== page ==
Urinary excretion of strawberry anthocyanins is dose dependent for physiological oral doses of fresh fruit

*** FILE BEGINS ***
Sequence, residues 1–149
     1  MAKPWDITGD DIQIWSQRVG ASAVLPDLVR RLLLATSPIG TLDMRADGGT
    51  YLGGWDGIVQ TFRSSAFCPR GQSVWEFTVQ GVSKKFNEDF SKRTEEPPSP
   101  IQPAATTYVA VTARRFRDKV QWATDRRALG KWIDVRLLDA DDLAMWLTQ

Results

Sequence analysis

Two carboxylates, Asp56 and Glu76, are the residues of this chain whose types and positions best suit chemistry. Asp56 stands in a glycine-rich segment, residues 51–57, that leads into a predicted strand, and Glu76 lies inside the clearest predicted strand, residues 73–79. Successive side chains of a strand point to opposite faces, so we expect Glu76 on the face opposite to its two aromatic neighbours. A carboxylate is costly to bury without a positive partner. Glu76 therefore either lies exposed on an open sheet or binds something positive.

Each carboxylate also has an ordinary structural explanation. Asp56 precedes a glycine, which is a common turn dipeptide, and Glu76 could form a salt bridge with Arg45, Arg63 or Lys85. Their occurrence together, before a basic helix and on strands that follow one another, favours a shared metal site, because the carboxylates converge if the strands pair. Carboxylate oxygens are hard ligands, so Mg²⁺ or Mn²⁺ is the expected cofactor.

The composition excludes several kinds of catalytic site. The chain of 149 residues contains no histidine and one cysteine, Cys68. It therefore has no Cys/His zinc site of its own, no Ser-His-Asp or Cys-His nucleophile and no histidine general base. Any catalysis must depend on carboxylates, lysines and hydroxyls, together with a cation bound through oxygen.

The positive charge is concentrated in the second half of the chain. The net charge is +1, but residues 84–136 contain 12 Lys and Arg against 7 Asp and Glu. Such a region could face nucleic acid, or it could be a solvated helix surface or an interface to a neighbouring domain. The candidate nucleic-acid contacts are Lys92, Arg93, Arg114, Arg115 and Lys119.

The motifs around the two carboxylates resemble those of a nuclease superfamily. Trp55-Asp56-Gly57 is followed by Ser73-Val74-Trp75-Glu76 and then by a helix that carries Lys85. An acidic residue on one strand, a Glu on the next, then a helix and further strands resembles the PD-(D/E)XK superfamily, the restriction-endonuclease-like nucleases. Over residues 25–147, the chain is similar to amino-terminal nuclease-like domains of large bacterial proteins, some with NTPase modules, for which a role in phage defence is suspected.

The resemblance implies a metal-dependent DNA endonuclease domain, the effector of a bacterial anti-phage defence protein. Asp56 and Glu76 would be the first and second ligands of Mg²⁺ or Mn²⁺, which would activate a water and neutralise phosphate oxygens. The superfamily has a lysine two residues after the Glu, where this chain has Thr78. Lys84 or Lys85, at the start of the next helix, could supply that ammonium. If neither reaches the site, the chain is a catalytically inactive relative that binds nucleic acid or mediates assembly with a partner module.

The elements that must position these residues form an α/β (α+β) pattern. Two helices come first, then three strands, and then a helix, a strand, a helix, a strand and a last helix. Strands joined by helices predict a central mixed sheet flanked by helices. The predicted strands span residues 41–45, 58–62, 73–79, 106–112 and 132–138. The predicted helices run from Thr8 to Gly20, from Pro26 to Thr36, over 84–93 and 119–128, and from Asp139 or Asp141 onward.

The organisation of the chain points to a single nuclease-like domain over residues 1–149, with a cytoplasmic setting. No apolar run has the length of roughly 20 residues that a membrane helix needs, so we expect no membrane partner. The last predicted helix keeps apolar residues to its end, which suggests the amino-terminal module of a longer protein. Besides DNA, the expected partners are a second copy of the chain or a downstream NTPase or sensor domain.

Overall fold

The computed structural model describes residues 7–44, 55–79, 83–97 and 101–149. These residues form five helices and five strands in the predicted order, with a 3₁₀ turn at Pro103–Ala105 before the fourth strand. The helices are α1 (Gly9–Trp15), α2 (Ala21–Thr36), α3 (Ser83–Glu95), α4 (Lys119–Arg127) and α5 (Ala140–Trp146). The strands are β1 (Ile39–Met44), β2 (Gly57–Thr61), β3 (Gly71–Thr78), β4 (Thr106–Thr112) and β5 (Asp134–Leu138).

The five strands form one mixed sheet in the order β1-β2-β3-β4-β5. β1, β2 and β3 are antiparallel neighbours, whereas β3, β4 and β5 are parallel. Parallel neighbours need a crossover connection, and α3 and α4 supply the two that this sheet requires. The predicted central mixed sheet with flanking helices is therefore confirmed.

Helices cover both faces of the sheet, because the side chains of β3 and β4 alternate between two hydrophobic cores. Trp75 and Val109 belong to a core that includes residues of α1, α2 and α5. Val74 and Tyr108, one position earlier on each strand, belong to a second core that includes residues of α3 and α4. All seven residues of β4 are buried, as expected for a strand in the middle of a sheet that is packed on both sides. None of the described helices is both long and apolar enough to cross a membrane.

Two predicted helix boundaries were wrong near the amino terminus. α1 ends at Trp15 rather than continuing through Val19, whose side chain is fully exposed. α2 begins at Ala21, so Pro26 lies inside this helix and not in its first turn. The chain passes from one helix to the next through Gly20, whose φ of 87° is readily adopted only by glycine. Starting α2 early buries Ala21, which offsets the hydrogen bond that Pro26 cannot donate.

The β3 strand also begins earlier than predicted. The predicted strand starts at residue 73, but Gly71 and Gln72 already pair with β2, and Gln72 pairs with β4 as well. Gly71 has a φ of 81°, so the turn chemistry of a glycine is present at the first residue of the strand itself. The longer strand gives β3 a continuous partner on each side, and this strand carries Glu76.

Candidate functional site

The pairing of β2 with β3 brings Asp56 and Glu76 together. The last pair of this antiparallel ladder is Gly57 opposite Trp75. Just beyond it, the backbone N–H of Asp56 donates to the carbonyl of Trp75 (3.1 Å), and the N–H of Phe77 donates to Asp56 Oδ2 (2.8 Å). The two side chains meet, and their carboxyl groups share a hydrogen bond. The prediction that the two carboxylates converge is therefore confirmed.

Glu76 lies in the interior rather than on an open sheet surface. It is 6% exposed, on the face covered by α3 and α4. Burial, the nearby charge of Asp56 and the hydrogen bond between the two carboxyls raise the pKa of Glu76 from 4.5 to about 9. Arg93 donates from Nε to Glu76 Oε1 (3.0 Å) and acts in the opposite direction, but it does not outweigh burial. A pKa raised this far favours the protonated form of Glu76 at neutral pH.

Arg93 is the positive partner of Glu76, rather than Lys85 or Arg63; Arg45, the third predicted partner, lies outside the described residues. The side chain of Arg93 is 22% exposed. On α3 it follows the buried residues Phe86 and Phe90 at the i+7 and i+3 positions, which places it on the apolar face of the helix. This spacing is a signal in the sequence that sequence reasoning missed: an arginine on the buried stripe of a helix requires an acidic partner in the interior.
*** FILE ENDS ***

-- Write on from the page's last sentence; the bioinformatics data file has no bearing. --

There is considerable interest in coloured fruits and berries as sources of biologically active anthocyanins. To examine the relationship between the oral dose and the amount excreted for anthocyanins from a food source across a physiological range of doses, volunteers were fed, in random order, four portions (100–400 g) of fresh strawberries as part of a standard breakfast. Urine was collected at 2 h intervals up to 8 h, and for the period 8–24 h. Fresh strawberries contained pelargonidin-3-glucoside as the major anthocyanin with smaller amounts of cyanidin-3-glucoside and pelargonidin-3-rutinoside. Anthocyanins were detected in the urine of all volunteers for all doses, predominantly as pelargonidin glucuronide and sulphate metabolites. There was a strong, linear relationship between oral dose and anthocyanin excretion (Pearson's product moment correlation coefficient = 0.692, p < 0.001, n = 40) which indicated that on an average, every additional unit of dose caused 0.0166 units of excretion. Within individuals, dose – excretion data fitted a linear regression model (median R2 = 0.93). We conclude that strawberry anthocyanins are partially bioavailable in humans with a linear relationship between oral dose and urinary excretion for doses up to 400 g fresh fruit.